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Brexit Update: Keeping Track of the Moving Pieces

Mark Bergman and David Lakhdhir are partners at Paul, Weiss, Rifkind, Wharton & Garrison LLP. This post is based on a Paul Weiss memorandum by Mr. Bergman and Mr. Lakhdhir. Additional posts on the legal and financial impact of Brexit are available here.

The second anniversary of the Brexit referendum is upon us, an entirely inconclusive meeting between Prime Minister Theresa May and her fellow members of the European Council has just ended, and the proverbial clock continues to count down to the October deadline for an exit deal and the March 2019 exit date. Yet, if anything the situation has become more, not less, complicated and unclear. No definitive deal is in sight. The possibility that the UK may crash out of the EU with no deal appears increasingly—and to business frighteningly—real. And each potential path out of the present morass appears fraught with political landmines.

While Brexit falls further down the list of priorities for the EU27, as member states grapple with a host of other issues, ranging from existential negotiations over migration into the EU to trade issues and reform of the Eurozone, and member states such as Germany and Italy remain more focused on their domestic political dynamics, the British government continues to be at war with itself.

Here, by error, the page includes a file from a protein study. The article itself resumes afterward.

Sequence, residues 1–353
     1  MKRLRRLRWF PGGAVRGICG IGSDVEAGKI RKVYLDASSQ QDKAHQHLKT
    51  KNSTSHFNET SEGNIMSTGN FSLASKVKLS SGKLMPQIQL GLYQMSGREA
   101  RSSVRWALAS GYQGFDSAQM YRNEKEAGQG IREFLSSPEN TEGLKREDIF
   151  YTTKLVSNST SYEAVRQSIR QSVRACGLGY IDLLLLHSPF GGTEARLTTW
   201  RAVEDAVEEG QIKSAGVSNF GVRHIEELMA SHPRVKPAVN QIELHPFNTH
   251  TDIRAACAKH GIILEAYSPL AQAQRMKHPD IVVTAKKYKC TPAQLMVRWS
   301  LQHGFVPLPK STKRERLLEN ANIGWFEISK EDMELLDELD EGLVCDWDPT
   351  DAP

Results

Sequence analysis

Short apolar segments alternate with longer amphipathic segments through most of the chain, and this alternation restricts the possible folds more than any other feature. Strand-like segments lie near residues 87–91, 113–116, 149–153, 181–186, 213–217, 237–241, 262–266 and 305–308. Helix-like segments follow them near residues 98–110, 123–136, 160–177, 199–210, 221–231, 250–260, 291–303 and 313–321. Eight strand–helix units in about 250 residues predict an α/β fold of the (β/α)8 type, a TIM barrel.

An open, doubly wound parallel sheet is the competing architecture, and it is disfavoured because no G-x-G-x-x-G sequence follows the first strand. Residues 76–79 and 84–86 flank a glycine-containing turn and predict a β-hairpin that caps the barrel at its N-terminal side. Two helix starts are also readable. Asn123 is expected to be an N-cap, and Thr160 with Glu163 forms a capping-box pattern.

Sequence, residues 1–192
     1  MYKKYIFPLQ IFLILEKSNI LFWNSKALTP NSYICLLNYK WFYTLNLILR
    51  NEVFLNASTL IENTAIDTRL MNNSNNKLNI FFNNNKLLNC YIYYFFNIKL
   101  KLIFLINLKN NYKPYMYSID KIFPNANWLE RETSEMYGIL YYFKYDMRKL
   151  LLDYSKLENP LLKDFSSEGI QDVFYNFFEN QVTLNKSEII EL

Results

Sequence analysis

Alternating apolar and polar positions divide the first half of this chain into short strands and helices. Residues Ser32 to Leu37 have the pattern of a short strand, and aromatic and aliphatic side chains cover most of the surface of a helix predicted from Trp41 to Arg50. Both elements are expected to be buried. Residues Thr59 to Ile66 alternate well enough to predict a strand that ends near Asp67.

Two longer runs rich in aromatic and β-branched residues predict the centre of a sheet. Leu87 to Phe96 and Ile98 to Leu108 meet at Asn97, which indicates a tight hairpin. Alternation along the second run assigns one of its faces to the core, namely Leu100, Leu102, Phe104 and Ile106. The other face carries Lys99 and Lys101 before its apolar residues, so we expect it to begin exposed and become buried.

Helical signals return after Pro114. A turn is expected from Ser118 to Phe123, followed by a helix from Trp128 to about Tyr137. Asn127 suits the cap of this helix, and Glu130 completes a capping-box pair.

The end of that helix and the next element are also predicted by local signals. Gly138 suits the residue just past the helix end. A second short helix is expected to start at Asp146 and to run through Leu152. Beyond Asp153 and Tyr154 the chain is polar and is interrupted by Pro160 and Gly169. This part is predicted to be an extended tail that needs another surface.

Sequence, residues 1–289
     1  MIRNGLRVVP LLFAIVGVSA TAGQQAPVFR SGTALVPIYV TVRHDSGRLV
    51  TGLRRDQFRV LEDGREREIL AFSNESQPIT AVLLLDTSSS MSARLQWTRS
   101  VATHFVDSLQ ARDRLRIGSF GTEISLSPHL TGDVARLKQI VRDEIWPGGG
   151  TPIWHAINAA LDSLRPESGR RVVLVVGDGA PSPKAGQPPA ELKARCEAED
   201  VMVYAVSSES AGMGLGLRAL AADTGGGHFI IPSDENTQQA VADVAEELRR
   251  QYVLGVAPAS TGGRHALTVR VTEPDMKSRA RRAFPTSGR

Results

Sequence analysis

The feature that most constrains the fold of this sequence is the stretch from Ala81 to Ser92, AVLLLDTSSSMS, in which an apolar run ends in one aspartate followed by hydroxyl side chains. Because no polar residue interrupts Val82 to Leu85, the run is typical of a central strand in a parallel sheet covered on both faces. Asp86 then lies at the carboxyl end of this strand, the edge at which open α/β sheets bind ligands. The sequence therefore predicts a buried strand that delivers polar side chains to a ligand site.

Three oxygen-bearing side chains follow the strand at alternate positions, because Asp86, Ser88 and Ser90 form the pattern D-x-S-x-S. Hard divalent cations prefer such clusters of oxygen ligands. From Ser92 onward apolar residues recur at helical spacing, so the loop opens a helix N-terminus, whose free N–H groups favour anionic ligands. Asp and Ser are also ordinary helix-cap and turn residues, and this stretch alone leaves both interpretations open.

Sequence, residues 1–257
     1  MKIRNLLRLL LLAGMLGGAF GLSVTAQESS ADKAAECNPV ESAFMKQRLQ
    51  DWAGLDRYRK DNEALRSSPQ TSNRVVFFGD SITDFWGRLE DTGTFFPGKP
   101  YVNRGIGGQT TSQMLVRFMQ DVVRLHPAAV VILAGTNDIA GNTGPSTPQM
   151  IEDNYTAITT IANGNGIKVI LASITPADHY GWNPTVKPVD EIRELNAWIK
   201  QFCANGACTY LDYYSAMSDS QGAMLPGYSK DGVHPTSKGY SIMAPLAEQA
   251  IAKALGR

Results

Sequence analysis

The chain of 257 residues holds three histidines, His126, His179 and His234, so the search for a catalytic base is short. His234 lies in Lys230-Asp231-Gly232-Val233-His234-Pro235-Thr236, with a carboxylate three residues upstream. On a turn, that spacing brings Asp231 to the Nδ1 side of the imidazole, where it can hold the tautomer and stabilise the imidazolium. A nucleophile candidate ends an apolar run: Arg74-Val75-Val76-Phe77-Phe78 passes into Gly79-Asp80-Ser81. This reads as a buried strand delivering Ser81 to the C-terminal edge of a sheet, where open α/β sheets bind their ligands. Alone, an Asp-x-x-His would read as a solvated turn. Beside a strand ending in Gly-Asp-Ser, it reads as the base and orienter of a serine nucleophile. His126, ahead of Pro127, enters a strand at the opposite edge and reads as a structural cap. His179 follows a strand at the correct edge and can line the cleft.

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Successful CFIUS Monitorships

Randall H. Cook is Senior Managing Director, Mona Banerji is a Director, and Steve Klemencic is Managing Director at Ankura Consulting Group. This post is based on an Ankura memorandum by Mr. Cook, Ms. Banerji, and Mr. Klemencic.

This post describes critical considerations for a successful monitorship of mitigating controls required by the Committee on Foreign Investments in the United States (“CFIUS” or the “Committee”). CFIUS is an interagency US Government committee that reviews Foreign Direct Investment (“FDI”) into the United States to identify and address any consequent national security risks. Growing concern with the impact of foreign countries acquiring national security-critical technologies and other strategic advantages through investment activity has prompted CFIUS to become more active and assertive. Moreover, legislation is pending in both houses of Congress that will significantly expand CFIUS’s jurisdiction to review FDI and require mandatory declaration of specified investment types.